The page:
Value network analysis (VNA) is a methodology for understanding, using, visualizing, optimizing internal and external value networks and complex economic ecosystems. The methods include visualizing sets of relationships from a dynamic whole systems perspective. Robust network analysis approaches are used for understanding value conversion of financial and non-financial assets, such as intellectual capital, into other forms of value.

Asset management refers to systematic approach to the governance and realization of value from the things that a group or entity is responsible for, over their whole life cycles. It may apply both to tangible assets and to intangible assets. Asset management is a systematic process of developing, operating, maintaining, upgrading, and disposing of assets in the most cost-effective manner.

Intangible Asset Finance is the branch of finance that deals with intangible assets such as patents and reputation. Like other areas of finance, intangible asset finance is concerned with the interdependence of value, risk, and time.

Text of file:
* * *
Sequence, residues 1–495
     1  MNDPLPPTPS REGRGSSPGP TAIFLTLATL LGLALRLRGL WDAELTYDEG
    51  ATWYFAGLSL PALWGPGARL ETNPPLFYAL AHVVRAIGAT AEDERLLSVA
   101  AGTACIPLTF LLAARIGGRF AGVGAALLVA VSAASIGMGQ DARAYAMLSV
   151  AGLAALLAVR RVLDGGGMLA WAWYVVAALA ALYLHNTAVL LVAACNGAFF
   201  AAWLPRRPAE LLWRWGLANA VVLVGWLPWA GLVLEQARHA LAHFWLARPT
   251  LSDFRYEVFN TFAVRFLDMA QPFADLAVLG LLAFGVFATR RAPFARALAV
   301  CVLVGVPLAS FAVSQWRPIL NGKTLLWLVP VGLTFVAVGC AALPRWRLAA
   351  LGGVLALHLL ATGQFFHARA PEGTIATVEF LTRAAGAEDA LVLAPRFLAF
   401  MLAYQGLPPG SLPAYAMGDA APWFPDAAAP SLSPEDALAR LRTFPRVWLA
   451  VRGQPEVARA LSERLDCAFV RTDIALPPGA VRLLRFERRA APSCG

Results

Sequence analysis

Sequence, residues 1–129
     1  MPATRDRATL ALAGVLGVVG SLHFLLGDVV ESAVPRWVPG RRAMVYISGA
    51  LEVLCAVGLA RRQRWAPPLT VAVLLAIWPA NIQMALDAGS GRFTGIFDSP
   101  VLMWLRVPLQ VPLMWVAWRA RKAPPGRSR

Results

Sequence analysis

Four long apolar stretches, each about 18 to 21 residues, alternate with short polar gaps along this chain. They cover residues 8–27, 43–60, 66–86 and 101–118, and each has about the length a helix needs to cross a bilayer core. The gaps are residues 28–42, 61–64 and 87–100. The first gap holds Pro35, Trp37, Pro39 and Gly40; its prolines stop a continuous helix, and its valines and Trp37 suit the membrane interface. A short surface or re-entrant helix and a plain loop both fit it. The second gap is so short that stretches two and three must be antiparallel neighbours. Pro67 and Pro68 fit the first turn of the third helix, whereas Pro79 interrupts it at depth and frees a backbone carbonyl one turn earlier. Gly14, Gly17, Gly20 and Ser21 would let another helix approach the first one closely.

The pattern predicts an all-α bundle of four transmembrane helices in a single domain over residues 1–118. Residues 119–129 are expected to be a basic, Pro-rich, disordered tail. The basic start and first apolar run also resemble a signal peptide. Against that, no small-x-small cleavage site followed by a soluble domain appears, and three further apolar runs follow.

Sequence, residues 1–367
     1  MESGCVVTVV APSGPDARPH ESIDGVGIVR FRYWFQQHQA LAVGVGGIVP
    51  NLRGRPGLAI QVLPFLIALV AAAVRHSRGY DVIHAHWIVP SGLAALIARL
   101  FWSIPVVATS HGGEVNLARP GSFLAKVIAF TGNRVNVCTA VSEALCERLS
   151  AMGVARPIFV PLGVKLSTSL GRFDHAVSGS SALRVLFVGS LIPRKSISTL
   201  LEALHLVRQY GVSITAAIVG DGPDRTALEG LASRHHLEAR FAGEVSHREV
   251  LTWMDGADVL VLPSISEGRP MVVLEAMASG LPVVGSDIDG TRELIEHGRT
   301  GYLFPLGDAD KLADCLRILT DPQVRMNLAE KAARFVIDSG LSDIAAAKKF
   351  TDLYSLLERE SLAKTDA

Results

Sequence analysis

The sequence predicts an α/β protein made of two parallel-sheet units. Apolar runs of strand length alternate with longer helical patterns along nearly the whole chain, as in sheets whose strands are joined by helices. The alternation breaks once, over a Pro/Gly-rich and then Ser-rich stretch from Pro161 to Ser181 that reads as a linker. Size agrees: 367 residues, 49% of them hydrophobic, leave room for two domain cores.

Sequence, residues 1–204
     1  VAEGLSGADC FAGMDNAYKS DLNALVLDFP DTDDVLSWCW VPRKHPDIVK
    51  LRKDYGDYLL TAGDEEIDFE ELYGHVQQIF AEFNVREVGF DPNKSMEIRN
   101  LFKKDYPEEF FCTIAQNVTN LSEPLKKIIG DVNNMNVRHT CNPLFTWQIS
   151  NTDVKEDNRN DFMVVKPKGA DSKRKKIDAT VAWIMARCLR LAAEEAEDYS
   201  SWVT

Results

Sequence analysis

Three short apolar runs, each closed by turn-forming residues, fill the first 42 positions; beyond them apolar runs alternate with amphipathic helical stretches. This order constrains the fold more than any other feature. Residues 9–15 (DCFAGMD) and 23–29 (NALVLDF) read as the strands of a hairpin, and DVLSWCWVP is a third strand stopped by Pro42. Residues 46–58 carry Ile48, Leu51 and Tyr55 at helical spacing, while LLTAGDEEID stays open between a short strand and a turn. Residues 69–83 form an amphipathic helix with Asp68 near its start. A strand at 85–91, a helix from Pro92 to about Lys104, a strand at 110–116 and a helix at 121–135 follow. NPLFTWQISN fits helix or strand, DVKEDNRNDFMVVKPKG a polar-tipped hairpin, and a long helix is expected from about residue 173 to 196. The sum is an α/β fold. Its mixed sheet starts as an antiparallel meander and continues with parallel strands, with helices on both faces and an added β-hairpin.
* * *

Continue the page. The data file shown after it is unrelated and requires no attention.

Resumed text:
Keith Daniel Bergelt is an American corporate executive and former U.S. diplomat. He is CEO of Open Invention Network where he is responsible for coordinating the establishment and maintenance of a patent ‘‘no-fly” zone around Linux. As such, he is responsible for safeguarding an open and competitive landscape in key technology markets such as back-office transaction processing, mission critical IT applications, mobile communications/smartphones, and desktop computing.

A knowledge balance sheet is an instrument for structured identification, representation and development of intellectual capital. It shows the connections between organizational goals, business processes, intellectual capital and business success. It is able to reveal the mutual influence between the factors of success and the most efficient investment levers, specifies the strategic direction for knowledge management processes and checks the degree to which they have been implemented.

Structural capital is one of the three primary components of intellectual capital, and consists of the supportive infrastructure, processes, and databases of the organisation that enable human capital to function. Structural capital is owned by an organization and remains with an organization even when people leave. It includes: capabilities, routines, methods, procedures and methodologies embedded in organisation

International Institute of Business (IIB-Ukraine) is a Ukrainian business school founded in 1993.